Part of the debate – in the House of Commons am 11:59 am ar 24 Mai 2024.

Danfonwch hysbysiad imi am ddadleuon fel hyn

Photo of Robert Largan Robert Largan Assistant Whip 11:59, 24 Mai 2024

I beg to move,

That the draft Energy Act 2023 (Consequential Amendments) Regulations 2024, which were laid before this House on 13 May, be approved.

This instrument is technical in nature. It uses the power in section 330 of the Energy Act 2023 to make various amendments as a consequence of the passing of that Act. The majority of the amendments relate to the independent system operator and planner, or ISOP, while most others relate to the governance of the gas and electricity codes. There are other minor amendments to the provisions relating to the hydrogen levy, competition in onshore electricity projects, and heat networks.

The ISOP will be an expert and impartial body, with responsibilities across the electricity and gas systems, to provide progress towards net zero while maintaining energy security and minimising costs for consumers. With roles across the energy system, the ISOP will help to plan and deliver the integrated system needed to ensure our energy security, net zero and affordability goals. It will be independent not only of other commercial energy interests, but from the operational control of the Government, meaning that it will be in a position to use its expertise to advice the Government and Ofgem on the critical decisions ahead.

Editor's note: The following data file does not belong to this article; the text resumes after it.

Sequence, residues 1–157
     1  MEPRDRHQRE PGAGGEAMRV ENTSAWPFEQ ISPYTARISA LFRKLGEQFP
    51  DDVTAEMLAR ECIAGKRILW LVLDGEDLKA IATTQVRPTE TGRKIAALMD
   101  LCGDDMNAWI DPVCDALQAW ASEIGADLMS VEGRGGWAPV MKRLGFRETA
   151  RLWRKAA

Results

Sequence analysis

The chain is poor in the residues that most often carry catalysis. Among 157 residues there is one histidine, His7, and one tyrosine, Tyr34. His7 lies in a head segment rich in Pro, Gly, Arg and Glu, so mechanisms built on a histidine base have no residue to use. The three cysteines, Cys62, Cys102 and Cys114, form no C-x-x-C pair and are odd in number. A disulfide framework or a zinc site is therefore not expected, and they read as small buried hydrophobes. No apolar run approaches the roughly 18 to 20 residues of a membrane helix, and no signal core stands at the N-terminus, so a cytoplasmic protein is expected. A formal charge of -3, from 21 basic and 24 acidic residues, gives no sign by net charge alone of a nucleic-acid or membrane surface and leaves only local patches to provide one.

Two types of amendments are needed to give the ISOP a stable legislative footing. The first is to reflect its public nature—a shift from the current ownership by National Grid—by, for example, adding the ISOP to the list of organisations to which the Freedom of Information and Public Record Acts apply. The second reflects the fact that, unlike the current electricity systems operator, which holds a transmission licence, the ISOP will hold an electricity system operator licence and a gas system planner licence. That will require updates in energy legislation to ensure that reference is made to the new ISOP licences, which will ensure continuity. Examples include updating the Energy Act 2013 so that the ISOP can continue the ESO’s current work as the contract for difference counter party. It is worth noting that none of these changes will come into effect until the ISOP is created, and current legislative reference will remain whilst the ESO continues to operate the electricity system.

Changes will also be made in legislation in relation to code governance reform. The Competition and Markets Authority has previously highlighted concerns regarding certain aspects of code governance. Under the new system, the existing code administrators and industry planners will be replaced by code managers, who will be selected and licensed by Ofgem. Those code managers will be directly accountable to Ofgem, and their responsibilities will include making recommendations and, in some cases, decisions on modifications to the codes.

This statutory instrument enacts the necessary consequential changes across legislation to reflect the new governance framework and licensing regime. An amendment to the Gas (Northern Ireland) Order 1996 is made to ensure that the right primary legislation is in place should the Government decide to introduce the hydrogen gas shipper levy in Northern Ireland. I commend the regulations to the House.